The Real Benghazi Story: What the White House and Hillary Don't Want You to Know
by Aaron Klein
Edition: Hardcover
Price: £15.11

4.0 out of 5 stars Real enough, but is it complete?, 12 Oct 2014
Aaron Klein sets out the chronology of events, and subsequently disclosed information, and raises some very pointed questions that discredits the official position. First, Stevens was killed in a building known as the CIA Annex. That was a building next to the main building which most people assumed to be 'the US Consulate'. Klein points out that there is only one official American consulate and that is in Tripoli. Under UN convention, no country can establish any facility without the host country's approval. The CIA annex was so top-secret that its existence was not known to the senior US administration. That means no one at that level was able to assess the security arrangements.

The security provided for that facility is remarkable if we accept the information in this book. There were few trained guards. There were no watch towers in the compound. The main security was outsourced to a private security company. The outer compound was guarded by unarmed local guards. The inner compound was guarded by members of the February 17 Martyrs Brigade, with known connections to Al-Qaeda. Klein asks, what justified this bizarre security arrangement? More crucially, what was going on in this compound? Klein alludes to secret dealings by the CIA in using the facility to trade in arms including "MANPADS" (Man-portable air-defense systems). Were the arms going to the rebels in Syria? The US had already destabilised Libya by bringing down the secular government of Gaddafi. Is it attempting the same in Syria?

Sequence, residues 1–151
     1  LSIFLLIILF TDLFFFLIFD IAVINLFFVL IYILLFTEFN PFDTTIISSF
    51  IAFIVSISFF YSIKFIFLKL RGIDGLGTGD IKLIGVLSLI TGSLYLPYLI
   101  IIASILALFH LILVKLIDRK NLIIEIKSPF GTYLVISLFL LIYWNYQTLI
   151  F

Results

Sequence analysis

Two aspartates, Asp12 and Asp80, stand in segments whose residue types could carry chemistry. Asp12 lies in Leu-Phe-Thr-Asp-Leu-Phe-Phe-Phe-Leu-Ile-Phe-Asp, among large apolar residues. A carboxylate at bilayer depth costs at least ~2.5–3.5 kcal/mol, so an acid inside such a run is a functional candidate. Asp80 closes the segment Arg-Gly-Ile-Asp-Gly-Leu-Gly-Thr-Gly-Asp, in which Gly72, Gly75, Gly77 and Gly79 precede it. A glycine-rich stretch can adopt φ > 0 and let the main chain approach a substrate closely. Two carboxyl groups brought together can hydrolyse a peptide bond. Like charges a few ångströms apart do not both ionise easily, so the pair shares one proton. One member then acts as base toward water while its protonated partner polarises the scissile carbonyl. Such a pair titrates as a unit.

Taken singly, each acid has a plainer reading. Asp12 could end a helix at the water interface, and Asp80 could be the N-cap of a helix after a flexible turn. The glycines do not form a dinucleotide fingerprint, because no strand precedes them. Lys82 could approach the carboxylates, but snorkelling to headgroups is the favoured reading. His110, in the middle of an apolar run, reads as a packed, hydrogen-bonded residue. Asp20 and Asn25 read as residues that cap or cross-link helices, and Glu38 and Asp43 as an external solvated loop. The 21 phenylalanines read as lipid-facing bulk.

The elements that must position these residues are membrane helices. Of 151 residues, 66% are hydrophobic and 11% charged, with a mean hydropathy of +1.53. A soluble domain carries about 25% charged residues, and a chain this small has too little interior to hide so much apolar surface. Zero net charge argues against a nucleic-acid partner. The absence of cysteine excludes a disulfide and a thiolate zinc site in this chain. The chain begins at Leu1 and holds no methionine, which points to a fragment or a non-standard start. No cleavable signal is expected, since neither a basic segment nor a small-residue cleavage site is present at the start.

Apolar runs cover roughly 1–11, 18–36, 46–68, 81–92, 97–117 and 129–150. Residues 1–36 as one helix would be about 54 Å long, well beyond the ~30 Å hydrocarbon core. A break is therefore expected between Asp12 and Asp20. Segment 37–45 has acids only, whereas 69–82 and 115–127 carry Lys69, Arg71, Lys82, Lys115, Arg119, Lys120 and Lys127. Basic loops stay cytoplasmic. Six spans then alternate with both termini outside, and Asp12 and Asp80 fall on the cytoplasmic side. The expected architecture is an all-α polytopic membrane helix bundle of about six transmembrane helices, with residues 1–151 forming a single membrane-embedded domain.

Life's Too Short to Drink Bad Wine
Life's Too Short to Drink Bad Wine
by Simon Hoggart
Edition: Hardcover
Price: £11.99

5.0 out of 5 stars Sparkle, 8 Oct 2014
What a delightful book. The author cannot be accused of being a wine snob for he has such great love for lesser known wines such as Chateau D'Angludet and Camel Valley, which, is probably not known outside of Britain - it is a British sparking wine whose claim to fame was coming in second to Bollinger in a blind tasting. The cartoons and witticism are joy enough to merit getting this book. But it is indeed a well-written - concise and yet full of information.


Invisible: The Dangerous Allure of the Unseen
Invisible: The Dangerous Allure of the Unseen
by Philip Ball
Edition: Hardcover
Price: £17.00

4.0 out of 5 stars Here, there, and everywhere, 1 Oct 2014
Mankind has a long fascination with things unseen. Philip Ball draws our mind (if not our eyes) to a close examination of most of that which is invisible to us - from ghosts to fictional characters. He merges fact and fiction in telling the history of man's interest in this subject. He discusses whether our world is as Plato says, `a mere shadow of reality'. He talks about occult forces, magic, and the black arts. He describes the incredible performance of David Garrick as Hamlet's ghost, and, naturally, a long segment was devoted to H G Well's 'The Invisible Man'.